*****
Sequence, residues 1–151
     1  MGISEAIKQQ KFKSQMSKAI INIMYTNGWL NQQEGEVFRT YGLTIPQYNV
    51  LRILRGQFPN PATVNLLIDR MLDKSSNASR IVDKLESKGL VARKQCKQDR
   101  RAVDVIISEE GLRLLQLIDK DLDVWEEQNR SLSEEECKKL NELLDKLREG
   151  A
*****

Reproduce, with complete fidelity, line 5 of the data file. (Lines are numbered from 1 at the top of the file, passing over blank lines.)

   151  A